All Things Considered
All Things Considered
Tuesday, November 9, 2010

Minnesota Public Radio Stories

  • Judges in Iowa lose seats over same-sex marriage ruling
    In Iowa, a campaign to recall three Supreme Court justices was a successful one in last week's election. All three voted in 2009 -- along with the entire Iowa Supreme Court -- in favor of legalized same-sex marriage in the state.4:49 p.m.
  • Bachmann adCampaign ad spending in Minnesota falls short of expectations
    Industry analysts say the amount of money spent nationally on political ads likely set a record this year, but the extent of ad splurge in Minnesota is less clear and some media experts say it was smaller than expected.4:54 p.m.
  • Mark DaytonDayton, Emmer stake out positions on recount
    Republican Tom Emmer says he hasn't made a decision about whether he'll file a legal challenge, if he can't find enough votes to overcome Democrat Mark Dayton in the race for governor. Dayton is confident he will be delcared the winner, and discouraged those involved from dragging out the process.5:20 p.m.
  • CoffinQ&A: Cholera 'a devastating blow' in Haiti, relief worker says
    Deb Ingersoll, who works for the American Refugee Committee in Haiti, discussed the Cholera relief efforts Tuesday with MPR's Tom Crann.5:50 p.m.

National Public Radio Stories

  • For Indonesians, Obama's Visit Is Long Overdue
    President Obama arrived in Indonesia on Tuesday, the second stop on a tour of Asia. He marveled at the changes that Jakarta has undergone in the 40 years since he lived there as a schoolboy. The president got a welcome that was warmer and more emotional than another U.S. president might expect to receive, but cooler than if he had come at the height of his popularity, and without canceling two previous visits.
  • Criticisms Await Obama At G-20 Summit
    President Obama's Asia trip takes him to South Korea at the end of this week, for a G-20 summit. Leaders of the world's 20 biggest economies will talk about the state of economic recovery, economic imbalances, and about how monetary and trade policies might improve things. For more on the Seoul summit, Robert Siegel talks to Ken Rogoff, a professor of economics at Harvard University and former chief economist of the International Monetary Fund.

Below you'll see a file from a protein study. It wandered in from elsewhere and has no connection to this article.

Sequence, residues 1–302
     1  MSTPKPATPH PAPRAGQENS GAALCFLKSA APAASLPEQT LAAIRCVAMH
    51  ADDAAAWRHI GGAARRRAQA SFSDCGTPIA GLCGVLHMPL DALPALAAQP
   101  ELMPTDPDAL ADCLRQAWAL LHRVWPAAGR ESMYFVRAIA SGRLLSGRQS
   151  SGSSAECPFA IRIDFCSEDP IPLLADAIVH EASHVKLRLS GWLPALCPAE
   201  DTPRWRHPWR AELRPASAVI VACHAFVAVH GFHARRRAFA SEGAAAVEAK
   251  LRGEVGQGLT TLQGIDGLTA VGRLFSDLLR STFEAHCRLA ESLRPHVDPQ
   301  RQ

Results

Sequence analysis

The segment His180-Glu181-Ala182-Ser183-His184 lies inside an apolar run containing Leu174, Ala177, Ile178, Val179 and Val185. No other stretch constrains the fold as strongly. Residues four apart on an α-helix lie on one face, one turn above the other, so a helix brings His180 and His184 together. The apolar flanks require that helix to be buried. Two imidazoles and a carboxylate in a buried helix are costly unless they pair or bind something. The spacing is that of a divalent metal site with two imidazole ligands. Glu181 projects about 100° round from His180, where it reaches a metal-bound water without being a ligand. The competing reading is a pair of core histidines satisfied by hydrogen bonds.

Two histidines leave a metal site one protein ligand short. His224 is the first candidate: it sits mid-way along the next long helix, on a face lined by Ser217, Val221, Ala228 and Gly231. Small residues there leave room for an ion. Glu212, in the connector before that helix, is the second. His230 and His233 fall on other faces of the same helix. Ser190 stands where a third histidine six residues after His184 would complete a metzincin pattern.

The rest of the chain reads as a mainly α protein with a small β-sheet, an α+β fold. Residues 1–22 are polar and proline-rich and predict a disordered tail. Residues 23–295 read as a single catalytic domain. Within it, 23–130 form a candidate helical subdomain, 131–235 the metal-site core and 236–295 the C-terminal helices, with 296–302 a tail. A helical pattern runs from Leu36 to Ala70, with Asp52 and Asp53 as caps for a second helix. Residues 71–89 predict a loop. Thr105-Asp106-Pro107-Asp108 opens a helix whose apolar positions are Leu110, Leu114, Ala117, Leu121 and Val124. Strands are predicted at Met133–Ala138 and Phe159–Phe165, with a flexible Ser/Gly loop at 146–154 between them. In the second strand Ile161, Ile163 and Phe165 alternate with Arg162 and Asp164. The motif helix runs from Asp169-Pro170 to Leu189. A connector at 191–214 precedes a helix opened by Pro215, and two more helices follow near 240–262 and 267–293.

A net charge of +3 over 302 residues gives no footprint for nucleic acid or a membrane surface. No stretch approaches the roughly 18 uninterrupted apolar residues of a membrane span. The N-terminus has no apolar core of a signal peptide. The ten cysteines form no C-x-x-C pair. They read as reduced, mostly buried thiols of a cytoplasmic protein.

• Attacks On Journalists Spark Concern In Russia
    A series of brutal attacks on journalists in Russia has sparked both local and international concern. A political reporter for a national newspaper was beaten in Moscow over the weekend, and is now in a coma in a hospital; and a second reporter, this time working for a suburban newspaper, was badly beaten up on Monday. Russian President Dmitry Medvedev called for those responsible to be exposed and punished; while the Organization for Security and Cooperation in Europe said it was time the Russian authorities took action to stop the attacks.
  • Anti-Nuclear Sentiment Swells In Germany
    A shipment of nuclear waste was delivered Tuesday to a storage site in northern Germany amid anti-nuclear protests. Growing opposition to a plan to extend the life span of Germany's 17 nuclear power plants has enlivened the resurgent anti-nuclear movement.
  • GOP House Takeover Has Some In Europe Worried
    Now that the dust has settled after the U.S. midterm elections, European nations are wondering what it all means for them. Although last week's Republican success is not expected to provoke a sudden shift in President Obama's foreign policy, analysts say there are concerns that congressional opposition will affect specific issues -- among them Afghanistan, the Middle East and the START nuclear weapons treaty with Russia.
  • Why U.S. Taxpayers Are Paying Brazilian Cotton Growers
    Planet Money is making the most thoroughly explained t-shirt in the history of the universe. Today's task: Buying four bales of cotton.
  • Letters: At-Home Care For Disabled Children
    Robert Siegel reads letters from listeners about Monday's story on the cut-off of Medicaid funding for at-home care once disabled children turn 21.
  • 'Guy And Madeline': A New Wave Spin On The Musical
    Critics have hailed Guy and Madeline Sitting on a Park Bench as a blend of 1930s Hollywood musical and 1960s French New Wave.  The film was singled out as one of the 10 best movies not to make it to theaters in 2009, but that's all changed with its recent New York opening.
  • In House, Both Parties Do A Leadership Dance
    With more than 80 new members on the way, the GOP has pledged to create two new positions within the party specifically for incoming freshmen. In the meantime, the Democrats are trying to figure out how to adapt their leadership from the majority's four official positions to the minority's three.
  • An Exit Interview With Delaware Sen. Ted Kaufman
    NPR's Robert Siegel talks with outgoing U.S. Sen. Ted Kaufman, a Delaware Democrat, who was appointed to Joe Biden's seat when Biden was elected vice president. Kaufman's 22-month term in office will end next Monday when Chris Coons is sworn in.

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